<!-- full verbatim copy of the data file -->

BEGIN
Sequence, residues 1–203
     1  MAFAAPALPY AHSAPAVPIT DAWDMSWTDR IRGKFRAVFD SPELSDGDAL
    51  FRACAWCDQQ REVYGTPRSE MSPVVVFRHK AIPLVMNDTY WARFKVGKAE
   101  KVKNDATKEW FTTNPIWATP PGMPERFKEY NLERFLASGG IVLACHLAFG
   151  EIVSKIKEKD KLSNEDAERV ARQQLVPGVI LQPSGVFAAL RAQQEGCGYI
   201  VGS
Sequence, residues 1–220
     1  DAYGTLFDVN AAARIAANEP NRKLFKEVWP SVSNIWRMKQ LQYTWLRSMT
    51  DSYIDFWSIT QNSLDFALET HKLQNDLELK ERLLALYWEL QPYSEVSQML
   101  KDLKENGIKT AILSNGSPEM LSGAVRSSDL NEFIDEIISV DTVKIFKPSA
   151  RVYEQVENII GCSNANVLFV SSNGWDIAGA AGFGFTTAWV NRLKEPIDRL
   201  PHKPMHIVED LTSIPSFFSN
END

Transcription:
Sequence, residues 1–203
     1  MAFAAPALPY AHSAPAVPIT DAWDMSWTDR IRGKFRAVFD SPELSDGDAL
    51  FRACAWCDQQ REVYGTPRSE MSPVVVFRHK AIPLVMNDTY WARFKVGKAE
   101  KVKNDATKEW FTTNPIWATP PGMPERFKEY NLERFLASGG IVLACHLAFG
   151  EIVSKIKEKD KLSNEDAERV ARQQLVPGVI LQPSGVFAAL RAQQEGCGYI
   201  VGS
Sequence, residues 1–220
     1  DAYGTLFDVN AAARIAANEP NRKLFKEVWP SVSNIWRMKQ LQYTWLRSMT
    51  DSYIDFWSIT QNSLDFALET HKLQNDLELK ERLLALYWEL QPYSEVSQML
   101  KDLKENGIKT AILSNGSPEM LSGAVRSSDL NEFIDEIISV DTVKIFKPSA
   151  RVYEQVENII GCSNANVLFV SSNGWDIAGA AGFGFTTAWV NRLKEPIDRL
   201  PHKPMHIVED LTSIPSFFSN